Tense Moments Erupt at Stafford Meeting; Mallard Island Residents Have That Sinking Feeling
Most of the Stafford Township Council meeting of Feb. 28 was business as usual except for the part where a fight nearly broke out between two audience members.
An argument nearly came to blows when Beach Haven West resident Bob McManus of Phyllis Lane first verbally confronted Township Administrator James Moran, and then laid a hand on Ocean Acres resident Joe Mazzola, who removed his eyeglasses and jacket in preparation for a fight.
McManus had taken the lectern during public comment to ask about seeing the floor plans and bids for the Mill Creek Road pavilion that may or may not ever be built. “I asked to see it and have never been able to see it,” he said.
One of the iterations of the plans was presented in the meeting room at town hall and made available for public input, Mayor John Spodofora said. As for the bids, Moran said the Beach Haven West Civic Association has spent about $560 in Open Public Records Act requests in order to see the bids, so they will be issued.
McManus then re-raised an issue from a couple months ago involving an alleged incident that occurred after a meeting, in which he says Moran treated him gruffly. Witnesses reported McManus was “out of line” by putting his hand on Moran’s arm while he was in the middle of a conversation with a reporter.
“I’ve asked for an apology from Moran. He stated that I assaulted him, and if that’s the case I want him to arrest me now, or let’s get the apology.”
“You touched him; I was right there,” Mazzola said, avowing to back Moran up.
“I didn’t touch him! I put my hand up to stop!” McManus said.
“I saw you grab his arm. You did grab his arm,” Spodofora said.
Even if he did grab Moran’s arm, McManus said, in his opinion it was inappropriate for Moran to silence him. “He told me I couldn’t stand up here anymore and make a comment,” McManus said.
“You’re a liar,” Moran said. “And I’m going to call you that to your face. I said to you that I was not going to discuss Mill Creek any further.”
While making his way back to his seat, McManus walked past Mazzola, who was sitting down, and paused to say something to him and appeared to poke him in the shoulder or chest – which set Mazzola off.
“Take your glasses off!” Mazzola barked as he rose from his seat and started to remove his jacket. “He just put his hands on me! I’ll wipe the floor with him!”
After a tense minute or two, the men settled down and kept their composure for the duration of the meeting. But McManus would have the final word, when he approached the lectern once more to confirm that he would see the bids he was interested in seeing, and then left the room through the door with a dramatic bang.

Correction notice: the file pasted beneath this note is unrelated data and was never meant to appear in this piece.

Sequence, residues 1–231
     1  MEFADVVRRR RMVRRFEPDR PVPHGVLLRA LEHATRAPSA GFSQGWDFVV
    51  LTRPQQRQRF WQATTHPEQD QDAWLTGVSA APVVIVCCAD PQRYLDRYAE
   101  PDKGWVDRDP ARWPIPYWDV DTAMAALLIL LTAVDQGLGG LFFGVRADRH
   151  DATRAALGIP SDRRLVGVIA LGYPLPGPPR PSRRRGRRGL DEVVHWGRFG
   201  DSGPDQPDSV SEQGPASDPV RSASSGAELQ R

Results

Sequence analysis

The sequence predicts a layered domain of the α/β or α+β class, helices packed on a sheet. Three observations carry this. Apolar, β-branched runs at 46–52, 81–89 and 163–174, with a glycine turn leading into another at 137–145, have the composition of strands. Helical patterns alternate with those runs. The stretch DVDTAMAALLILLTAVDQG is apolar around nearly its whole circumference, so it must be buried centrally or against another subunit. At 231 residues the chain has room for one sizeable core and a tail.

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Councilman Paul Marchal announced 3rd District Rep. Tom MacArthur will hold a town hall meeting at Bay Avenue Community Center on March 31 at 6 p.m. to discuss the opioid epidemic. Joining him will be a professional speaker to talk about addiction prevention, treatment and recovery. Call Betti Anne McVey at 609-597-1000, extension 8557, to reserve seats.
During public comment, some Mallard Island (a.k.a. Mud City) residents spoke about ongoing flooding problems in their community.
David Long said the recently completed repaving work was “95 percent excellent,” but some issues remain in need of tweaking, in spots where people still can’t get to their front door without walking through water. For Judy Antona, who lives on East Mallard Drive, the water is there almost all the time. Every time she lets her dog out, he needs a bath. “I can’t afford to fill my property there. I raised four kids there and it was never this bad.”
“It’s a proven fact the water level has gone up in the bay,” Spodofora said.
MaryAnn O’Neill has observed problems worsening over time in certain areas, such as Teal Bend. Is the roadway sinking, she asked. Is the work warranteed?
It could be settling, Spodofora said.
“There are maintenance bonds,” Moran said. “We will have the contractor look at it, but, quite honestly, if the subsurface conditions are the cause of any sinking in the road, it can’t be corrected, and therefore, the contractor might not be liable for it.
“Unfortunately, the property is marsh,” he continued. “And putting a paved road on top of a marsh without any support structure underneath of it, the only way you can effectively put a road out there that’s not going to sink, is to put pilings under the entire road and then put concrete bond beams, and then put the road over top of it. That will work, but it will also cost millions of dollars.”
O’Neill said former residents used to put old mattresses, box springs, wood and other bulky objects down and then fill in on top of it. When the sewer system was done and the new road was put in, all that filler was taken out. Maybe that’s why it’s sinking, she suggested. Additionally, she noted, during the last nor’easter, a lot of marsh grass washed up and it may be blocking the drainage boxes.
As a final news note, O’Neill and some colleagues provide free income tax filing help as certified tax counselors for the IRS and ARC. “Most all returns we will do,” she said – federal, state, property tax reimbursement and 1040-H forms. Tax help is available Monday and Thursday at St. Mary’s Parish Center from 9 a.m. to 1 p.m. “This Monday, we had to turn people away as early as 9:30,” she said. People started lining up at 8, and by 9:30 there were 62 people in line.
— Victoria Ford